What is rhabdomyosarcoma?
Rhabdomyosarcoma is a fast-growing cancer that starts in cells that would normally develop into muscle cells. It happens most often to young children.
Rhabdomyosarcoma can start in any part of the body but most often starts in the head and neck, genital or urinary tract, or arms and legs
Rhabdomyosarcoma happens most often in children younger than 7
Treatment includes surgery, chemotherapy, and sometimes radiation
What causes rhabdomyosarcoma?
Doctors don't know what causes rhabdomyosarcoma.
What are the symptoms of rhabdomyosarcoma?
Symptoms depend on where the rhabdomyosarcoma develops. They include:
A firm lump under the skin, sometimes on the arms and legs
Your child may have problems related to the specific part of the body affected by cancer, such as:
Eyes: Tearing, eye pain, or a bulging eye
Nose and throat: Stuffy nose, mucus and pus coming from the nose, a changing voice
Genital or urinary tract: Belly pain, a lump in the belly, trouble urinating, or blood in the urine
Arms and legs: Firm lumps under the skin
Rhabdomyosarcoma in a child’s arms and legs will often spread, especially to the lungs, bone marrow, and lymph nodes. This doesn’t usually cause symptoms.
How can doctors tell if my child has rhabdomyosarcoma?
Doctors suspect rhabdomyosarcoma from your child's symptoms. To know for sure if your child has rhabdomyosarcoma, doctors will:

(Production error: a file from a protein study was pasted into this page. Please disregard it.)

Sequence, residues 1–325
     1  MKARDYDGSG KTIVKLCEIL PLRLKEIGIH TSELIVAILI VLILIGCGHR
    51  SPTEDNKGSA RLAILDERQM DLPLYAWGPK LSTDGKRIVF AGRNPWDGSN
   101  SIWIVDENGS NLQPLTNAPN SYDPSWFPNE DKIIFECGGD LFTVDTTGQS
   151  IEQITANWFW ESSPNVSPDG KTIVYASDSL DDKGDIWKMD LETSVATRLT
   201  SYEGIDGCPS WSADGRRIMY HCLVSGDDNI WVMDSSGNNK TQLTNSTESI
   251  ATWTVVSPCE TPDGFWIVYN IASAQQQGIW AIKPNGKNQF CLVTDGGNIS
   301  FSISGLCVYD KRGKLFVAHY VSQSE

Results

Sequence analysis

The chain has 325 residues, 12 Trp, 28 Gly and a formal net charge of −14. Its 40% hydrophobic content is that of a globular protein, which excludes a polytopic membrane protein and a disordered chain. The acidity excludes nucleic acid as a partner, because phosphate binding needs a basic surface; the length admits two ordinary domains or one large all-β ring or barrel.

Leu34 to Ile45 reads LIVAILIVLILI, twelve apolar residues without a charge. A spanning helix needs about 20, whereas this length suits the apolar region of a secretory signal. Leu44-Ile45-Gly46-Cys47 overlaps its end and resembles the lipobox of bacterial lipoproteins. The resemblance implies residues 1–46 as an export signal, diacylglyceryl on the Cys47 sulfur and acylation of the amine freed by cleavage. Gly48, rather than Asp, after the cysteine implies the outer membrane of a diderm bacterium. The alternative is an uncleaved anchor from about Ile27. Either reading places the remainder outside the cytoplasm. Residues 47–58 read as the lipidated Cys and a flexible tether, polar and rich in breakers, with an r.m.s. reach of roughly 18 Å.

Do a CT scan Computed Tomography A CT scan uses a large machine shaped like a large donut to take x-rays from many angles. A computer then takes the x-rays and creates many detailed pictures of the inside of your body. Each... read more or MRI Magnetic Resonance Imaging (MRI) MRI is a test that uses a machine with a powerful magnet to make pictures of the inside of your body. A computer records changes in the magnetic field around your body. The computer then uses... read more
Remove a sample of a lump, or sometimes an entire lump, to look at under a microscope (called a biopsy)
If your child has cancer, doctors will do tests to see if it has spread. They'll:
Do a CT scan of your child’s chest
Inject a small amount of a radioactive substance to make a picture of the inside of the child's body ( radionuclide scan Radionuclide Scanning (Nuclear Scan) A radionuclide is a chemical that is radioactive. Doctors give you a small dose of the radionuclide. The radionuclide gives off radiation that's picked up by a scanner placed over a certain... read more )
Taking a sample of bone marrow ( bone marrow biopsy Bone Marrow Examination Red blood cells, most white blood cells, and platelets are produced in the bone marrow, the soft fatty tissue inside bone cavities. Sometimes a sample of bone marrow must be examined to determine... read more ) to look for cancer
It's easier to treat rhabdomyosarcoma if it hasn't spread.
How do doctors treat rhabdomyosarcoma?
To treat rhabdomyosarcoma, doctors will do: